In the pursuit of addressing Colorado’s housing affordability challenges via condominium development, the impacts of CDARA are impossible to ignore. The resulting litigation environment has created a defacto, uninsurable housing type, driving insurers and developers to multifamily rental development, significantly contributing to the drying up of condos built annually. Absent the unlikely repeal of CDARA, a stark reality presents itself. CDARA is here to stay and very few jurisdictions across the country have succeeded in establishing a conducive regulatory environment to meet the demand for condominiums. Hence, Colorado must chart its unique course by embracing a range of policy solutions that reshape the condominium sector, alleviate housing affordability shortfalls, propel economic growth and support thriving families.

Within this comprehensive framework, two pillars emerge: the establishment of a statewide warranty standard (SWS) and the incorporation of Delegable Duties.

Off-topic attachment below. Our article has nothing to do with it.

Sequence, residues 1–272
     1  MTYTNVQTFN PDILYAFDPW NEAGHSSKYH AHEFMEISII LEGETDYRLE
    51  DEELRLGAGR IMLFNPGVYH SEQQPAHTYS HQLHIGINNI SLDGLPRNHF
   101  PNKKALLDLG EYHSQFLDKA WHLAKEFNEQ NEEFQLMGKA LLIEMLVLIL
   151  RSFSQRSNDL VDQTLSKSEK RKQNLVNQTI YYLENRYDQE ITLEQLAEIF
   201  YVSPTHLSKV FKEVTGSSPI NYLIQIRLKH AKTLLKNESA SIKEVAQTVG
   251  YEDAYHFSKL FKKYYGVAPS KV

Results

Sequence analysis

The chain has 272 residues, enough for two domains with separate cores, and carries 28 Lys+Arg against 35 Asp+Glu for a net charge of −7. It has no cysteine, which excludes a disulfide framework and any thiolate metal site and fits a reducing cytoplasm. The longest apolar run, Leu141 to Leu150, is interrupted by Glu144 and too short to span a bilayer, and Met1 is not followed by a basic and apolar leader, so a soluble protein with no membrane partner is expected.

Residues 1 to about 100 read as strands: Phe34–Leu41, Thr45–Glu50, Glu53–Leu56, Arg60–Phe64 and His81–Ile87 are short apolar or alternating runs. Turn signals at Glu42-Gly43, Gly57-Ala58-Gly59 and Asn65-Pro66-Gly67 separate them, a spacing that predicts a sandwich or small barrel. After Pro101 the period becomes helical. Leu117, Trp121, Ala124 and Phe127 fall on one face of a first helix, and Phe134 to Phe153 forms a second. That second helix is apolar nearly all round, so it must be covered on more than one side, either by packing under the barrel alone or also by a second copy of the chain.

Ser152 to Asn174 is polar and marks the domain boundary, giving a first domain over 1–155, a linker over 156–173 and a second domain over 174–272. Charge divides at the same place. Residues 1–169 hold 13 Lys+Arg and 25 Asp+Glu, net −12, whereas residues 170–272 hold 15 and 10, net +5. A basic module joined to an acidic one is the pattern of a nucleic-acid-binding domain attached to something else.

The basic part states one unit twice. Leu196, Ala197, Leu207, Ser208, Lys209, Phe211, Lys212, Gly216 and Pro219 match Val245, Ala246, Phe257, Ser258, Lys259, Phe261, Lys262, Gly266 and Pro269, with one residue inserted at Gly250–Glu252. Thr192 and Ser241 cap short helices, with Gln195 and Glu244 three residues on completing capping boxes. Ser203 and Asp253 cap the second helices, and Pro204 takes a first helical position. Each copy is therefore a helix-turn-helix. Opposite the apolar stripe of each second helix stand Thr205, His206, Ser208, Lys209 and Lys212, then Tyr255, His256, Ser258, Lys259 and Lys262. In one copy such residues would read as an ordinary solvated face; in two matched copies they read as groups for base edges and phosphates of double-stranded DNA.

By instituting a statewide warranty standard, Colorado incentivizes developers to maintain stringent construction standards, reducing the occurrence of defect claims. Moreover, developers adhering to these elevated standards gain essential legal protections spurring both quality workmanship and a decline in defect litigation.

Complementing this, the integration of delegable duties ensures that every contributor in the construction process shoulders the responsibility for their work. Through the allocation of responsibility, transparency increases, accountability deepens, and undue liability and cost burdens on developers are mitigated.

Navigating disputes within condominium development, the right to remedy emerges as a critical solution. This innovative mechanism sidesteps prolonged litigation, affording responsible parties to promptly address construction defects by a trusted third party at their expense, should the homeowner so desire. A streamlined resolution process cultivates homeowners’ rights by encouraging developers to engage in proactive defect resolution.